Buranovskie Babyshki (the Buranovo Grannies). (Photo: Buranovskie Babushki/facebook)
A tuba band, a cake and hugs all around as the remote village of Buranovo gives a hero's welcome to its newly minted celebrities.
Until a few days ago, few people had heard of the little place in Russia's Udmurtia region, but an amateur group of singing village grannies put it on the map.
The Buranovskie Babushki, the Buranovo Grannies, took the Russian capital by storm, winning the country's place at Eurovision, the world's biggest song contest.
The eight ladies beat 24 other contestants, and previous Eurovision winner; the pop star Dima Bilan.
The babushkas' average age is 75 and they won over the judges with, "Party for everybody" — a catchy tune in Udmurt and English.
The Udmurt language is a distant relation to Finnish. It's spoken by about half a million people.
At Russia's Eurovision tryouts spectators clapped and danced along, as the babushkas did their shuffle on stage. Their traditional red, green and white costumes and birch bark shoes were also a hit with the fans.
This woman, Victoria, says the grannies deserve to win because they represent the real Russia.
At home in Buranovo, grandma Granya Baisarova showed some of her prized outfits for the TV cameras.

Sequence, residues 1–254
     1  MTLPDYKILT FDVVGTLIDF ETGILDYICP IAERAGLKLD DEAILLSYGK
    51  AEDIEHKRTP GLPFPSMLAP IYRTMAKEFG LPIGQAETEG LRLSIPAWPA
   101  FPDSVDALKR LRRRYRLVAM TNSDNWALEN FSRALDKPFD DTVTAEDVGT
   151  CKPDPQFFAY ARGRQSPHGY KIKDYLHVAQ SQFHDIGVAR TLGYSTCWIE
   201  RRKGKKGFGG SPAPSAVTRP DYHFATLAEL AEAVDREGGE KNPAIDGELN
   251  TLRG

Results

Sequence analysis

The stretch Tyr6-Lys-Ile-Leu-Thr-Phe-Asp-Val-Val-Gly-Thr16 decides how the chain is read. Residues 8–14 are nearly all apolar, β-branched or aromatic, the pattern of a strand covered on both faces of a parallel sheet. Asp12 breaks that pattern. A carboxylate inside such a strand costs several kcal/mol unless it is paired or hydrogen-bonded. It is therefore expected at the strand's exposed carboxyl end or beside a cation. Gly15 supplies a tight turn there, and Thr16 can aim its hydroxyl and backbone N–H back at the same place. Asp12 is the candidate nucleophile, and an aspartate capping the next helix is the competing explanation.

She said the dresses are quite old, perhaps 50-years old, but they are as good as new even after I started performing.
The grannies spend the day doing chores like checking on the goats. Then they head off in the evening to the local community center for rehearsals: their aim, to perfect their catchy tune.
Zoya Dorodova says they're excited that they're going to represent Russia at Eurovision, but they're also nervous.
"Of course we are scared, we are shaking," she says. "We are worried about the concert. It's scary, my heart is shivering."
Their fans know the competition is tough, but 69- year-old Galina Georgiyevna believes the grannies have a shot at the big time.
She says I think there is a chance, the babushkas have come up on stage despite their age and this is good.
The grandmas will be competing for the gray vote against Engelbert Humperdink, who won the UK entry. The British balladeer is 75, but his age isn't slowing him down either.
The ladies say if they win, they'll use their prize money to help build a church in their village of 650 people.
Even if they don't win, Granny Galina Koneva says the group has already gotten something out of their act.
"We want to have a longer life," she says. "They say that those who move, who sing, they live longer."
Eurovision will take place in Baku, Azerbaijan in late May.
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